Quirky Failure Among Largest Recent Startup Flops

Quirky’s former Chief Executive Ben Kaufman, left, and former President Doreen Lorenzo
KEITH BEDFORD FOR THE WALL STREET JOURNAL

Inventions community Quirky has filed for bankruptcy protection, marking one of the brightest flameouts of late for a venture-backed company.

Quirky, an online platform for inventions, had hauled in about $170 million in equity  investments from a who’s who of Silicon Valley venture firms, including Andreessen Horowitz and Kleiner Perkins Caufield & Byers, according to industry tracker Dow Jones VentureSource.

Since the start of 2013, only two U.S. companies have gone bankrupt or shut down that have raised more capital than Quirky, namely Better Place and Coda Automotive, respectively, both in 2013. Andreessen Horowitz-backed fashion startup Fab Inc. raised more than $300 million and sold part of it for low tens of millions, according to The Wall Street Journal.

While the specific details of Quirky’s unraveling remain unclear, the investment from Andreessen Horowitz one of the biggest black eyes for the venture firm since its portfolio startup Fab flopped.

The startup struggled to deliver products at scale and stumbled with distribution, according to a source familiar with the matter. Parcel delivery service UPS is listed as the third-largest creditor in its bankruptcy filing, seeking $1.3 million.

Quirky filed for chapter 11 with plans to part with its Wink business, a smart home hub that wirelessly connected door locks, lights and other home devices with smartphones. The company, which filed in the U.S. Bankruptcy Court for the Southern District of New York, said it had plans in place with an affiliate of Flextronics International Ltd. for a $15 million deal, which will be tested at auction.

The sale of Quirky’s assets underscores an unknown future for Wink, whose aim to usher in the smart home era offered a promising avenue for Quirky investor GE Ventures , the venture arm of General Electric, which offers high-end light bulbs that worked with its system.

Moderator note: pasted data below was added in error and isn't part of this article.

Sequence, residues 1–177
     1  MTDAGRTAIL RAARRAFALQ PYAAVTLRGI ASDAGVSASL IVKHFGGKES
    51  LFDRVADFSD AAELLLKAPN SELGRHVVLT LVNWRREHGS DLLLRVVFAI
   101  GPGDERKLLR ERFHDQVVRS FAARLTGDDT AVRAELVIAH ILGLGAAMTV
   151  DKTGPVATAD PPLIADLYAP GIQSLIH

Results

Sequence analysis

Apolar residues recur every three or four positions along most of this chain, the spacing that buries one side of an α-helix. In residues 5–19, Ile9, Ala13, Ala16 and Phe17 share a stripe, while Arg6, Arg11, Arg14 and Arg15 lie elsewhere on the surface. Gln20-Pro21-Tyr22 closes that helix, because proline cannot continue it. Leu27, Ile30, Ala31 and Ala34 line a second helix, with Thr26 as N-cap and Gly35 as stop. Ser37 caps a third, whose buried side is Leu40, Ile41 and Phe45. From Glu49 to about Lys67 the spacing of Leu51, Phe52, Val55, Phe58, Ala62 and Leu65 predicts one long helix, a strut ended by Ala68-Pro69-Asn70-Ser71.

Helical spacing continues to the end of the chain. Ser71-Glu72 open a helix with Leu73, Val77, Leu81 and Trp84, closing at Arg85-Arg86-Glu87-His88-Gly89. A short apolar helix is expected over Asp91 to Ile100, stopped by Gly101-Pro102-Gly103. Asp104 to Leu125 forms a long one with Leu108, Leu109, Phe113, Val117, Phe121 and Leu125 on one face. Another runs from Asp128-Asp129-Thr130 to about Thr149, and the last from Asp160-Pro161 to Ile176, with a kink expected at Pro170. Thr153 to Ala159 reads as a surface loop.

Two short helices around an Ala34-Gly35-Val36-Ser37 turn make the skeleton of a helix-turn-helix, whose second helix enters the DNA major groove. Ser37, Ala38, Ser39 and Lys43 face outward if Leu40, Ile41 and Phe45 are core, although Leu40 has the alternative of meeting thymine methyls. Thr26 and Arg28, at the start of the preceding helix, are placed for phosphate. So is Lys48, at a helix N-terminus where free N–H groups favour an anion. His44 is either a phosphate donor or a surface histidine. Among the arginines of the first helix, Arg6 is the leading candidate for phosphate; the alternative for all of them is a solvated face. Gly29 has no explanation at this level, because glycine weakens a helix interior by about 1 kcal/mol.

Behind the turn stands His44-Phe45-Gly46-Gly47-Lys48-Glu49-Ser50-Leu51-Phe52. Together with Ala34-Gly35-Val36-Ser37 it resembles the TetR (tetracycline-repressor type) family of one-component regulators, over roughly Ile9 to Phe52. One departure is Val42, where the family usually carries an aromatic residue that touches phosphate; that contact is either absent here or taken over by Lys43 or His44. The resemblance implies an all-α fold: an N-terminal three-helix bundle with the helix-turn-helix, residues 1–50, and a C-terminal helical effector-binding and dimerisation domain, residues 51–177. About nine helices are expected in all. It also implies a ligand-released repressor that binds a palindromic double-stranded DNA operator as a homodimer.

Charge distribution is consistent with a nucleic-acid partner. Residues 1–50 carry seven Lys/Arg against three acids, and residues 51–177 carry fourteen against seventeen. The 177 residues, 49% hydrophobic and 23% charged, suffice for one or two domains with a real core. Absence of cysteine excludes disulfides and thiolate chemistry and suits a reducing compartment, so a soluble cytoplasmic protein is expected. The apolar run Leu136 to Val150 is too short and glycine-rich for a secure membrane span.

The startup is also seeking a home for the remainder of its assets, stating it hopes to preserve its online invention community but will discontinue all of its business lines that can’t be sold at auction.

In addition to investors Andreessen Horowitz, Kleiner Perkins Caufield & Byers and GE Ventures, Quirky’s venture backers included Arizona Bay Technology Ventures, Atlas Venture, Countour Venture Partners, FreshTracks Capital, Lowercase Capital, Norwest Venture Partners , RRE Ventures, Village Ventures and individual investors.

RRE Ventures, Kleiner Perkins Caufield & Byers, Norwest Venture Partners and Andreessen Horowitz didn’t respond to a request for comment.

The company filed for bankruptcy a month ahead of the maturity date of its $19.9 million revolver. It also faced $8 million in deferred payments related to its acquisition of Undercurrent LLC that would begin coming due in December. Undercurrent is a consulting services provider that Quirky purchased last March.

Additionally, Quirky has a $9.3 million secured term loan and $36.8 million in unsecured bond debt. Trade creditors are owed an additional $28 million.

Quirky was founded as an invention platform in 2009 by Ben Kaufman. Mr. Kaufman was replaced as CEO last month after Quirky laid off 159 employees and as it became clear that the company’s efforts to sell its Wink business could only be executed in bankruptcy. As of Tuesday, Quirky employed 90 people.

–Stephanie Gleason contributed to this report.

Write to Scott Martin at scott.martin@wsj.com. Follow him on Twitter at @scottysmartin